Robert Burns I confess is someone I knew very little about until last night. Seminal Scottish icon and poet, this dashing lad had us all by the throats. Never mind that he’s been dead for just over 200 years. In commemoration of his birthday we turned out for L magazine’s sponsored event at the equally seminal IONA last night in Williamsburg.
The invite in my hand says a ‘sampling of Scottish food, drink, music and poetry,’ unfortunately for me the part that it leaves out are the mad men I am about to meet in traditional kilt, the sheep intestine on offer and the drunk sprawling lads and lassies keeling over their Drambuie’s and national icon. Yet again I’m glad, because last night was one of the most amazing times I had in ages, and one must thank kindred folk, the power of words and the laconic disposition that the Brooklyn gentry serve up in wonderful dollops and the bonfires in their back yards.
It’s early evening and as I finally make my way into IONA’s (it’s name literally translating into a burial place for Scottish kings) I can make out the visage of beaming red heads, sprawling lines for the drink of the day –DRAMBUIE, and the thunderous applause the crowd give each time an orator gets up and thunders through Scotland’s treasured poet- Robert Burns.
I instantly find myself mesmerized and transported to my own days as a student in Sydney, Australia and London, UK with all the Anglican/antipodean jingoism, drinking habits and very ruddy red faces. In some way, me and the 300 people here tonight have come back home. Come to have a look at that part of ourselves that keeps us lively and quite partial to the talent sprung forth from the UK hinter lands.
Trying to get a handle of my new found friends sensibilities and dare I wonder depths of drunkenness I proceed to work the room:
SCV: What brings you here tonight?
Robert: I wanted to be mesmerized.
SCV: Can one still be mesmerized by poetry?
Robert: Well you tell me. (looking around the room)
SCV: Yes, maybe that’s just the alcohol.
Robert: Bollocks, it’s Robert Burns. You just ain’t paying attention.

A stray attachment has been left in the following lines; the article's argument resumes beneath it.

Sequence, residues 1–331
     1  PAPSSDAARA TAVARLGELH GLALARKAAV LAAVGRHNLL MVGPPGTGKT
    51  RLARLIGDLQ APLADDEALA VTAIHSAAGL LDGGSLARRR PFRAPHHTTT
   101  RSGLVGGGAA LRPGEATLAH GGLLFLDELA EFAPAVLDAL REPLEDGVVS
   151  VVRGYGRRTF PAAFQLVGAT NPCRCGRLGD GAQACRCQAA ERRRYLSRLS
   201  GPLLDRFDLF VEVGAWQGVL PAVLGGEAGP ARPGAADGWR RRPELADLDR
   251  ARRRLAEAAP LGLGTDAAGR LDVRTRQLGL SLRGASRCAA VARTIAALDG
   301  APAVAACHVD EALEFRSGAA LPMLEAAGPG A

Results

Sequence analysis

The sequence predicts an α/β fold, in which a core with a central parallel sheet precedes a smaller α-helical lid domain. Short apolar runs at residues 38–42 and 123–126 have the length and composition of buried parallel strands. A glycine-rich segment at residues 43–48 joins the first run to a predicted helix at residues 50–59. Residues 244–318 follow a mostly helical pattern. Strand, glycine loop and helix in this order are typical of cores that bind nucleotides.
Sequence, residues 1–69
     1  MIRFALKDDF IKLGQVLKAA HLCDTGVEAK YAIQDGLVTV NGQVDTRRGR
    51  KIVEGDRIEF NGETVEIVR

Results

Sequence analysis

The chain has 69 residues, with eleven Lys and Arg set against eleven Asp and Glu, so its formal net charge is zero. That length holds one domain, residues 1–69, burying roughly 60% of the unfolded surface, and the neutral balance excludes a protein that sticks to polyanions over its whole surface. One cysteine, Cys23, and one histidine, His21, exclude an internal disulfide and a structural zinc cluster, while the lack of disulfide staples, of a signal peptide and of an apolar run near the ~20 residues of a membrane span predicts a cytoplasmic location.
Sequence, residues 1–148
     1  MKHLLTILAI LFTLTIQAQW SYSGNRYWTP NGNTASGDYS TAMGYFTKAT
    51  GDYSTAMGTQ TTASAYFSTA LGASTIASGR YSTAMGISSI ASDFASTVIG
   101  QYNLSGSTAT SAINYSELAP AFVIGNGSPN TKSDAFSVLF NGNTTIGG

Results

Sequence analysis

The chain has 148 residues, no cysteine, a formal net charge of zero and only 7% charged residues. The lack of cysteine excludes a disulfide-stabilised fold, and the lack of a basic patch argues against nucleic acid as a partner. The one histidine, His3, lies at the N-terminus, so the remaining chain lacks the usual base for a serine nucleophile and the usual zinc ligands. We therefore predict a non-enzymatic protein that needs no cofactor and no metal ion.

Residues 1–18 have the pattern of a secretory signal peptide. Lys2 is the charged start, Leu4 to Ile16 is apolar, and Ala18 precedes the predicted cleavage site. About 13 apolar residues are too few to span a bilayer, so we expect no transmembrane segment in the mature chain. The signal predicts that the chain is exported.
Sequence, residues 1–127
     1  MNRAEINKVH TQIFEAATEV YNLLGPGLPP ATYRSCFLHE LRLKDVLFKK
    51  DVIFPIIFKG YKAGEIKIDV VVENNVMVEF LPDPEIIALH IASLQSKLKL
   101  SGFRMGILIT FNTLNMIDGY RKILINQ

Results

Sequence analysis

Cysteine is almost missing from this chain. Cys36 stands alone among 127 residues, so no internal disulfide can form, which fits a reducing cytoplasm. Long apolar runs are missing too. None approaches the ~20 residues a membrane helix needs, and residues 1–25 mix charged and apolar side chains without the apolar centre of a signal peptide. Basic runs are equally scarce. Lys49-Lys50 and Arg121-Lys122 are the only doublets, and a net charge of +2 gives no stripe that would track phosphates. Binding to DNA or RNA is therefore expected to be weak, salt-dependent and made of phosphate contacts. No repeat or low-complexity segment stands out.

Turning to Ricardo and Elizabeth.
SCV: What do you know about Robert Burns?
R & E: Not much, but we like him anyway.
Pausing to catch a stanza; (from ‘to a Haggis’)
see him eat his trash,
As feckless as a withered rush,
His spindly legs and good whip-lash,
His little feet
Through floods or over fields to dash,
O how unfit.
SCV: What do you make of all that?
R & E: Inspiring. Amazing.
SCV: What is the role of a poet today?
R & E: To make the regular sound interesting.
R & E: I think because we all live a regular life and I think we all want to be inspired.
Turning to Jean and Diane.
SCV: What do poets write about?
Jean: Love and despair.
SCV: What is love?
Jean: I’m still trying to figure that out.
SCV: Have you figured out what despair is?
Jean: It’s what love leads to…
SCV: What’s a role of a poet today?
Diane: To take us back to our roots. I think in so many ways we’ve lost our roots, and it’s important to know what our real identities are.
SCV: Not Gossip Girl?
Diane: That would be our aspirations.
Passing by the gentlemen in their kilts raising and smashing their Drambuies, the loyal dj mimicking line by line, and the back door that leads me to the outdoor garden and the most amazing little bonfires.
Accosted by Mattley, IONA’s resident Wednesday and Friday night dj I am made to hear about his love affair.
“So there I am, the most beautiful woman in the world, long blonde locks from one side of her head to the other, this killer overbite and me spinning, watching , hoping that she can tell I’m desperately falling in love with her, the lyrics flushing out of my mind, the wrong record on the turntable;”
Nothing I can do
To change your mind
I’m so in love with you
You’re too deep in
You can’t get out
You’re just a poor girl in a rich man’s house
Yeah, baby, I’m crying over you
Don’t you know promises were never made to keep?
Just like the night, dissolve in sleep
I’ll be your savior, steadfast and true
I’ll come to your emotional rescue
I’ll come to your emotional rescue…
SCV: So did you get her?
Mattley: Fuck no! She was a goddess, I’m just a dweeb on a turn table.
SCV: Okay, so what does it say on the back of your shirt?
Mattley: I was waiting for that one.
Prompting his shirt in front of my face- Robert Burns;
He had cunning with words and captured the spirit of the country,
Whatever making ate the woes or increases the happiness of others is my criterion of goodness;
From there it was the Scotsman Edmund flashing knives, humor and his special love of haggis- (yes- sheep innards)
Edmund: So there I was with my kilt, and I had just a bypass the week before, flashing my knife and I go to put it back in the place of my sheath (indicating it inside his dark blue tube socks) and I miss, cutting half my leg away, and you have to remember I’m also on blood thinners and all this blood is gushing, oh what a sight. AYE, what’s wrong with ye, why ain’t you eating your haggis?
SCV: Tell us Edmund, what’s your love affection with Robert Burns?
Edmund: Aye, ‘cause he (hiccup) DRINKS MORE THAN YOU and me. And if you aren’t sure, I am always willing to teach you.
Finally sitting down with some new found friends, I sat there marveling at the ferocity of spirit, the warmth of the bonfires and the notion that love and despair are sometimes one and the same, but in the hands of Robert BURNS the hymns in your brain…
IONA; Scottish and Irish bar